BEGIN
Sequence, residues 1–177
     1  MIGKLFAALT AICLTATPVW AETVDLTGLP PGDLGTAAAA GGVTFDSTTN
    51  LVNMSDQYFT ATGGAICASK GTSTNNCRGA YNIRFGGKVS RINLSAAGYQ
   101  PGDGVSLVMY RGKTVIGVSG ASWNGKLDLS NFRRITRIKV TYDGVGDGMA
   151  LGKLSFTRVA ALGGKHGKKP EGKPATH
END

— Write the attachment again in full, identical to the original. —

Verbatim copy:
Sequence, residues 1–177
     1  MIGKLFAALT AICLTATPVW AETVDLTGLP PGDLGTAAAA GGVTFDSTTN
    51  LVNMSDQYFT ATGGAICASK GTSTNNCRGA YNIRFGGKVS RINLSAAGYQ
   101  PGDGVSLVMY RGKTVIGVSG ASWNGKLDLS NFRRITRIKV TYDGVGDGMA
   151  LGKLSFTRVA ALGGKHGKKP EGKPATH